Thank you for your comments. I do realize that the concrete in the ground
is nothing more than a "dead man". In addition to the weight of the concrete
alone, the resistance of the soil between it and the tower and the soil
above it and towards the tower represents a very formidable barrier to the
movement of the concrete "dead man" in the event that the tower guy could
overcome the weight of the concrete alone. Therefore there is a composite
strength of the two that is expressed by Rohn as "reaction" in ft. lbs.,both
horizontally and vertically( or lateral and uplift capacity).(This assumes
that we are dealing with "normal" soil which is defined by Rohn as soil of a
cohesive nature with a horizontal bearing capacity of 400 lbs. per square
ft. per lineal ft. of depth.)This "reaction" in foot pounds varies from 710
#(H)-780#(V)for a 70 mph, 40 ft. high, 25G tower with 18.4 sq. ft. of
windloading on top(and 1 guy wire) to 4460#(H)- 3310#(V)for a 25G tower in
90 mph wind with a 160 ft. high, 25G tower (with 5 guy wires).
My contention is that if Block 4A is suitable for both extremes then it
must be "extreme" overkill for the 40 footer and just "adaquate" for the
much taller ,5 guy tower in 20 mph stronger wind.
Being neither a "structural" engineer nor an old and experienced tower
builder, i was soliciting comment on whether others had focused on this
before and what their opinions might be like. Its been my experience that
one does not know a subject well until one knows it backwards and forwards,
inside and out. I'm attempting to learn every possible thing i can about
this subject in a very short time period. I'm really glad i stumbled across
this reflector a few days ago and i'm studying the "archive."
Now that i've become conscious of towers coupled with a personal interest
and involvement, i am seeing a lot of housebracketed towers with 1 bracket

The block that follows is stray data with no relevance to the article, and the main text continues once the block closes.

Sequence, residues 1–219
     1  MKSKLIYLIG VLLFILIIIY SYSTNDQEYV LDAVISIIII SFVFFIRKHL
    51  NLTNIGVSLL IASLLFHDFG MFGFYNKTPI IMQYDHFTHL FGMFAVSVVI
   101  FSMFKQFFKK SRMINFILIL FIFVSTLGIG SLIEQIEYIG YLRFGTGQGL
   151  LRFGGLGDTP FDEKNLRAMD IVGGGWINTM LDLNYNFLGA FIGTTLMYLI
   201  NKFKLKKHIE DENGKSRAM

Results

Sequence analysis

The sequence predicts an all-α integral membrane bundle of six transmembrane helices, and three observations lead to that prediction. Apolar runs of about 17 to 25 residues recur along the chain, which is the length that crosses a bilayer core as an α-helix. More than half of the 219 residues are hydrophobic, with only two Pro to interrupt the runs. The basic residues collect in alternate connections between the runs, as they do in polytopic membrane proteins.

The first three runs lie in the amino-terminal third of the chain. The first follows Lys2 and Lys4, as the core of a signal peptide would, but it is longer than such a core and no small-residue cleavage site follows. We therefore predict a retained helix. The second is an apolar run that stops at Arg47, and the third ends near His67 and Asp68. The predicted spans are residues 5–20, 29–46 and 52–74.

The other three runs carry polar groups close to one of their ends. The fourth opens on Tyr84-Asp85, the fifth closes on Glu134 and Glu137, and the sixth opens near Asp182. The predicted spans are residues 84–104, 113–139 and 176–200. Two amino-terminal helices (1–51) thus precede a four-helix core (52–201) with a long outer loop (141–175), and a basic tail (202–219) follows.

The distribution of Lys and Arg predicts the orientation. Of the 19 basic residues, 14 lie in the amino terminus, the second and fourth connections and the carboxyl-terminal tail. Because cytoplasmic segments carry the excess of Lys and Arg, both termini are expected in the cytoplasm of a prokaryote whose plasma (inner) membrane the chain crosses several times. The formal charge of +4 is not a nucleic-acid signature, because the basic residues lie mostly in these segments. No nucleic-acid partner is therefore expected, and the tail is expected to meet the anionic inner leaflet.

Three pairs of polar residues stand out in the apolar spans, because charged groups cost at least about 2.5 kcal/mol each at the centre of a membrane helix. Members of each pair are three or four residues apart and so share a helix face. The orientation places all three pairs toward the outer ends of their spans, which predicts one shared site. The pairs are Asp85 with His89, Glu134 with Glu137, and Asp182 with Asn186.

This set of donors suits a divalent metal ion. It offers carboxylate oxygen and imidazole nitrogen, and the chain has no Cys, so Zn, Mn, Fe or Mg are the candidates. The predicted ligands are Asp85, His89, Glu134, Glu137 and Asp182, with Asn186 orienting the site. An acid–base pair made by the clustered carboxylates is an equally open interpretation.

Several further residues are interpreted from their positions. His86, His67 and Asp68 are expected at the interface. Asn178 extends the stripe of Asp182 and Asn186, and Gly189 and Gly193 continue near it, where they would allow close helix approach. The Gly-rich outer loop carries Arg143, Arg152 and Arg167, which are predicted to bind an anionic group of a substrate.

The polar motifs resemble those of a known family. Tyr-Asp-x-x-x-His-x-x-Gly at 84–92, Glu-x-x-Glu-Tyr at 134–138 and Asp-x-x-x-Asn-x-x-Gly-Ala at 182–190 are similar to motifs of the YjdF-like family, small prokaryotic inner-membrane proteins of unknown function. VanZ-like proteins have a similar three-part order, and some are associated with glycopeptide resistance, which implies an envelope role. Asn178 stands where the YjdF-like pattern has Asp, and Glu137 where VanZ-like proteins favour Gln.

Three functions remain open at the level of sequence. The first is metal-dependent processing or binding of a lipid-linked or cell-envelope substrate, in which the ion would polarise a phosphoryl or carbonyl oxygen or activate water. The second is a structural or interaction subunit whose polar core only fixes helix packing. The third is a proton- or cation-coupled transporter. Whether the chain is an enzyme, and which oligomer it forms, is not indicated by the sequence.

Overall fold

10-20 ft. high and as many as 4 and 5 sections above the bracket with
antennas on top that would be marginal if the tower only had 2 or 3 sections
above the bracket(according to Rohn).These things are 10-15-20-25-30 yrs.
old and continue to stand year after year and defy the specs. Truly Rohn
must over engineer these things generally speaking for those who will not
adhere to "good practices."
It is not my intention to encourage anyone to ignore the specs and
standards that Rohn promulgates. Only to understand where and when i can
make intelligent choices or departures from specs.
My objection to Block 4A was based on having to hand dig the guy anchor
holes. I was told by several that a "terramite" or backhoe could not be
expected to dig square holes, 3 X 3 X 4'. I don't want the dirt in the
vertical walls to be disturbed so i elected to dig them manually. Its a lot
of work! Someone gave me the idea to use an augar to drill the dirt. I'm
going to seriously investigate that option.
Thanks guys! Hope better understanding for all of us results from all
these 2 finger typed words.:o) 73 Roy Lincoln WA4DOU
On Sat, 17 Jul 1999 18:55:12 +0100, Pete Smith wrote:
> At 01:42 PM 7/17/99 EDT, K7LXC@aol.com wrote:
> >In a message dated 99-07-17 11:16:07 EDT, firstname.lastname@example.org writes:
> >> Anyway, how many of you have, in building or planning low towers,
> >> that Rohn specifies Block no. 4A(Concrete Anchor Data)for all 25G
> >> installations up thru 110 mph,
> >> and to 100 ft. with 45G in 110 mph wind before they upgrade to 4B.
> >> I realize that i've heard it said repeatedly over the years that
> >> very conservative in their rateings.I also realize that it can be
> >> dangerous to "second guess" Rohn, or to depart from their
> >> lot of knowledge.
> >> It is easy to look at a 50 or 60 ft 25G tower with 110 mph specs
> >> a conclusion that Block 3D or 3E would be totally adaquate for
> >> purposes. My anchors are GAC25's which are only 5-1/2 feet long as
> >> to GAC30's which are 7 ft. long. Since i am digging these holes
> >> with post hole diggers and a shovel, i don't relish digging the last
> >> of depth between 3 and 4 ft. or even to 3-1/2 feet deep. I'd even make
> >> concession and pour the concrete 1-1/2 feet deep which is 50 % deeper
> >> called for in Block 3D and more than 3E, knowing full well that there
> >> be less "earth cover".
> >> Am i barking up the wrong tree here?
> > The LXC Prime Directive is to "DO what the manufacturer says". Let
> >put it like this - how well are you going to sleep when that big
> >comes barreling through knowing that your hole wasn't as deep as the
> >manufacturer recommended?
> The weight of the concrete is far from the whole story for a buried guy
> anchor -- the weight of the earth above the anchor is the rest of it.
> The problem with burying a guy anchor more shallowly is that it will have
> just that much less ability to resist the pull of the guy wire.
> 73, Pete Smith N4ZR
> Sometimes a tower is just a tower
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